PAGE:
Eclipse VE – not impressed

In this short Flash demo, the narrator (watch out Roman, you have competition!) shows GridLayout support in the soon-to-be-released 1.1 version of Eclipse Visual Editor. This layout is nice, but its limitations are well known – no component overlap, normalized component sizes, insensitiveness to preferred sizes, etc. It just does not make the cut for form-based layouts.

Yes, I realize, that I’m looking at a “framework for creating GUI builders for Eclipse”, but even if you add the Foam GUI builder to the plate, it’s not open source and not free as what NetBeans will provide in its 4.2 version later this year with Matisse. I guess this is another illustration of the “batteries included” approach of NetBeans – there’s just a lot of features in the core product. I find it better, some will find this to be “different”.

For those that still haven’t seen the Matisse demo, it’s here and it’s available today in development builds.

Anyhow, everyone has still a lot more work to do, and it’s very nice seeing references made to NetBeans innovation. Competition is a good thing.

(Since EclipseZone uses the Matisse catch word, I felt I could comment on
Eclipse Visual Editor, but at the same time I know some people will still see this as bashing. Oh wow…)


Author: alexismp

Google Developer Relations in Paris.

21 thoughts on “Eclipse VE – not impressed”

  1. I’ve seen the demo this morning. We were the innovators with narrated flash demos, too ;-) Seems that we’ve moved the bar quite upwards.

  2. @Alexis:
    There’s no talk about adding the commercial Foam to Eclipse VE.
    About Netbeans “innovation”, Foam has been here before Matisse has been hyped up… so I’d call this more of a “Microsoft”-type of innovation…
    You might also notice that the VE GUI building support adds absolutley NO dependencies (like the Matisse layout manager) to your project; at the moment VE provides a high-level tool for GridLayout, something that will be enhanced to other layout managers in the future.
    Another point of view:
    You might want to look at the VE screencasts, which have been going on since 2003/2004:

  3. There’s not such thing as the “Matisse layout manager”, but rather an LGPL manager that will be part of a future version of the JDK. It is the first “standard” layout build with tools in mind IMO.

    I think Matisse is set to do better than Foam whose design process is still a little too complicated (large number of possible relations between components) and alignment is still hard to achieve.

  4. Guys, don’t get too exited with yourself and Matisse. Eclipse will beat you very quick. Considering how long did it take to implement these new feature for VE 1.1. Notice that it is working with source code directly and using a standard layout mamager as opposed to Matisse. :-P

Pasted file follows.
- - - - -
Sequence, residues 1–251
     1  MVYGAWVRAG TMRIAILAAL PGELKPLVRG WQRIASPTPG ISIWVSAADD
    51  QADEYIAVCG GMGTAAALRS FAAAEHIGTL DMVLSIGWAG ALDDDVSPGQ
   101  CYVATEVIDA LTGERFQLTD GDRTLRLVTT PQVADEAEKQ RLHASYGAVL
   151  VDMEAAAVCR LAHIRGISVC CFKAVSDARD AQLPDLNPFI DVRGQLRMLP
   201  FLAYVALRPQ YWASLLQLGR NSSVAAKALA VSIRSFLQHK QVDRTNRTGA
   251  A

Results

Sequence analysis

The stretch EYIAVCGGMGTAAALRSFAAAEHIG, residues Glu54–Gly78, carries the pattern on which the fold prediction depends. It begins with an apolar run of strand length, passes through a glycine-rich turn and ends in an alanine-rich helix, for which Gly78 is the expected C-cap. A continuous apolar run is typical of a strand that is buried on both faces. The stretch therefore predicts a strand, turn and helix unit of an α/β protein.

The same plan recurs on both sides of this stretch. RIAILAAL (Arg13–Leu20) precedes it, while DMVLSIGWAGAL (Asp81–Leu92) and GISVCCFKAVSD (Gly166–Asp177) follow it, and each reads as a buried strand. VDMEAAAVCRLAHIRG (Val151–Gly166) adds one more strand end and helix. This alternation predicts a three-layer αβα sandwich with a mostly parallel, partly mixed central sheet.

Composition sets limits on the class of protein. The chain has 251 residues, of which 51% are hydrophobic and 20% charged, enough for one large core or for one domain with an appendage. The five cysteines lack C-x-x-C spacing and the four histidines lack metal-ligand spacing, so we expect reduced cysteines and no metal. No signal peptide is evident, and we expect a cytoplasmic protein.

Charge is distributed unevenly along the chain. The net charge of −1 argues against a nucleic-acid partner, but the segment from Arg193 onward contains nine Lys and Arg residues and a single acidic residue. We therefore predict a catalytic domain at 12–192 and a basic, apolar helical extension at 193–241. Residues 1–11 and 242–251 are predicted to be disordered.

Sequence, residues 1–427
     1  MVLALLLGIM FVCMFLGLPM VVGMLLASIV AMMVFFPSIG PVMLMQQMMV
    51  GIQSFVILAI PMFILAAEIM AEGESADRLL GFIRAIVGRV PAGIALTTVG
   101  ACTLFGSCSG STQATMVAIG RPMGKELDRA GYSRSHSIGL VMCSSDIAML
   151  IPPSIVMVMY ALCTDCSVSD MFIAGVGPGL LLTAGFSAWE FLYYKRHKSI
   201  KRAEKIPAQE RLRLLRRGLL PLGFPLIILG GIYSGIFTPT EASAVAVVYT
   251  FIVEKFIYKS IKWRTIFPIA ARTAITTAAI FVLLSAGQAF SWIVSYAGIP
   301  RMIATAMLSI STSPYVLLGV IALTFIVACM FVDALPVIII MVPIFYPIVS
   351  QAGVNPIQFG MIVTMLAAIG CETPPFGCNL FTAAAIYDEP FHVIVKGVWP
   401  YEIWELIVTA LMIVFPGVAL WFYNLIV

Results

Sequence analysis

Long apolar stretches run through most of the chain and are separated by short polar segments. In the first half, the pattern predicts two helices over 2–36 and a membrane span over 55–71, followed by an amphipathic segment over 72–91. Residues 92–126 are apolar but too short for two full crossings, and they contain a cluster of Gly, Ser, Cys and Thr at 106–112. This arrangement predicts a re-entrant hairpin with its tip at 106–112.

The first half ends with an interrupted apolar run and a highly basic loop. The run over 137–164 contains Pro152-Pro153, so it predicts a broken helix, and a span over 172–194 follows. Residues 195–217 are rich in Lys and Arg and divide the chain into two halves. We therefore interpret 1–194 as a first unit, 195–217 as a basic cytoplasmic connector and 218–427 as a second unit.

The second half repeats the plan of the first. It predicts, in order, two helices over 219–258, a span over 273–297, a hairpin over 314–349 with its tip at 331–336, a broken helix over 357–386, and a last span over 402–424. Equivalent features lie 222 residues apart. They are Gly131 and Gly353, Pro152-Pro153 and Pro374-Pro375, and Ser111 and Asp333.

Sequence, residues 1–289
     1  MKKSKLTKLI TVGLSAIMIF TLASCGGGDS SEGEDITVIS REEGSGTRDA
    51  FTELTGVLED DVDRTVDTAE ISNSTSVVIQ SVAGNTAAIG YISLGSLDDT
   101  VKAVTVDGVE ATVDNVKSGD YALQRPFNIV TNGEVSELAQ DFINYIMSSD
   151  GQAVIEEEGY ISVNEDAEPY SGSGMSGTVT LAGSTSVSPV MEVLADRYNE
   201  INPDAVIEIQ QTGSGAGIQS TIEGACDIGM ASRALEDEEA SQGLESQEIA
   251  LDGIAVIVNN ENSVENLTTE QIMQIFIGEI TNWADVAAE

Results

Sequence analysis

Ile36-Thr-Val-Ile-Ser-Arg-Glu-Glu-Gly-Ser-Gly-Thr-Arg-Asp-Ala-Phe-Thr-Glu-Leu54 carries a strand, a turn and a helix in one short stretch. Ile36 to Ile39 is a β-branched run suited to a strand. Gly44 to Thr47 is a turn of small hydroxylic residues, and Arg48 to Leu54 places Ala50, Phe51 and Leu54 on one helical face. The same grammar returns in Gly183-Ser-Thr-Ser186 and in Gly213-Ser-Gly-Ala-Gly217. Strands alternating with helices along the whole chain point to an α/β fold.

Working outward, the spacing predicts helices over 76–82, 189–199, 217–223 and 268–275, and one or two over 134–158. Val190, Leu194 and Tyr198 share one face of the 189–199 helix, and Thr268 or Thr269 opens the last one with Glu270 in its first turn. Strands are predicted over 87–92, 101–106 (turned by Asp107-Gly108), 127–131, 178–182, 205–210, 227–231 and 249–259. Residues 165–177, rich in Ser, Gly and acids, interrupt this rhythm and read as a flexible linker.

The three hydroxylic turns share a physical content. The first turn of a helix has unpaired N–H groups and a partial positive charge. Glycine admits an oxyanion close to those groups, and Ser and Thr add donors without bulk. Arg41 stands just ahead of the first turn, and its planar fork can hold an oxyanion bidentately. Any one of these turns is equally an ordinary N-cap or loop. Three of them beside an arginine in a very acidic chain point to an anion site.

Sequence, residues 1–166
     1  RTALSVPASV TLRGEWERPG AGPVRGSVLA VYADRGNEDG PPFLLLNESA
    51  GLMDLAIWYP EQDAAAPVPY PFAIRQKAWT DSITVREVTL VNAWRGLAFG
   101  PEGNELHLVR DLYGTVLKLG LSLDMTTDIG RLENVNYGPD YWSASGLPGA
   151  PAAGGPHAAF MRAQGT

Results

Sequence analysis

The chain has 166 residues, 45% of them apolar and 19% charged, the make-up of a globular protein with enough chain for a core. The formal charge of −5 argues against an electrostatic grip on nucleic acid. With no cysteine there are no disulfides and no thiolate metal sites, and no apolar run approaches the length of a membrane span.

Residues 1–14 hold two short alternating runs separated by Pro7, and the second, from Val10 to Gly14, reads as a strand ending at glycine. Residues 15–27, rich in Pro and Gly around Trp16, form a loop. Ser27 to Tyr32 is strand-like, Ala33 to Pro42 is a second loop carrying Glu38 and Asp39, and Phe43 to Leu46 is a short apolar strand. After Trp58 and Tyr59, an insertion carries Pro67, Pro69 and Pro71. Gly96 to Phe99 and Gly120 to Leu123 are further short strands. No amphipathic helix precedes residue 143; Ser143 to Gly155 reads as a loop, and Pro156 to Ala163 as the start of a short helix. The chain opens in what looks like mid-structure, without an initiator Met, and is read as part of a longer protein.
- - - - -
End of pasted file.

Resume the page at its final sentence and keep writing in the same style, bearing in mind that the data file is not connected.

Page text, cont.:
5. Alexis, VE provide a complete source code roundrip. It can open Java source with form in a visual editor and then incrementally update the source with the visual modifications. As far as I know Matisse require its own proprietory design-time form definition which is not quite as flexible for manual intervention.

  6. As it stands, you’re right about round-trip, but the truth is in the code, no other artifact needed. You can reuse what I do using Matisse in Eclipse ;-)

  7. I could, but once code is changed I can’t use Matisse anymore, so what is the point to bother at the beginning? :)

  8. I said that I would use Matisse… ;-)
    I you really break things, I might have to join you and go back to editing by hand, which afterall remains a valid option when designing GUIs (any tool is only so good).

  9. eu: But with NetBeans you can still use standard layout managers like the GridLayout. So people can be happy using Matisse or not. I’m sick of people religiously defending one tool. By the way, I’m an Eclipse user but there is no way I will ever use VE.

  10. Romain, correct me if I’m wrong but all fancy Matisse features only work for that proprietory layout and nof for GridBag. It aslso doesn’t help at all with an existing Java code or afther generated code had been modified. Is it?

  11. Alexis, if it is not in JDK 1.4 or 1.5 – it is proprietary just yet. :-)
    Romain, I wasn’t aware that Netbeans form designer can actually show graphical form gesigner for a form source.

  12. Alexis, if it is not in JDK 1.4 or 1.5 – it is proprietary just yet. :-)
    You’re playing with words. Can I call Eclipse, SWT or JFace proprietary? The difference here is that the new layout doesn’t reinvent the wheel and is set to be part of the standard distribution. You just can’t make the change retroactive, hence the open source license for use with previous Java versions.

  13. So what? You have to admit that there is no invention with Matisse, just a right placed marketing message and few fancy demonstrations. :-)

  14. So why do you keep saying Matisse is not innovative? All your arguments so fare just make me think you didn’t try it and therefore I can’t trust your judgement on it. Anyway, I’m getting tired of this discussion.

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